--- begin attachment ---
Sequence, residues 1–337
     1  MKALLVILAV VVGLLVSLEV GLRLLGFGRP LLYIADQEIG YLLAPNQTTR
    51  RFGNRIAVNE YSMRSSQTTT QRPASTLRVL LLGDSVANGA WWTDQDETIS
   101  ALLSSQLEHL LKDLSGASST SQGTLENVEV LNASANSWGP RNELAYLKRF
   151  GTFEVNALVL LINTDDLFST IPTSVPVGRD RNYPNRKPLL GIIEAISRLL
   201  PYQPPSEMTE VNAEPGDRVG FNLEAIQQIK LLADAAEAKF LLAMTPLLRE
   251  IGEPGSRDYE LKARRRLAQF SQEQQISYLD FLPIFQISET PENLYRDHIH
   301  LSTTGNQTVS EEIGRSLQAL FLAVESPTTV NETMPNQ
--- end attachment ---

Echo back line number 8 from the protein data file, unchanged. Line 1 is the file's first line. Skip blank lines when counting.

   301  LSTTGNQTVS EEIGRSLQAL FLAVESPTTV NETMPNQ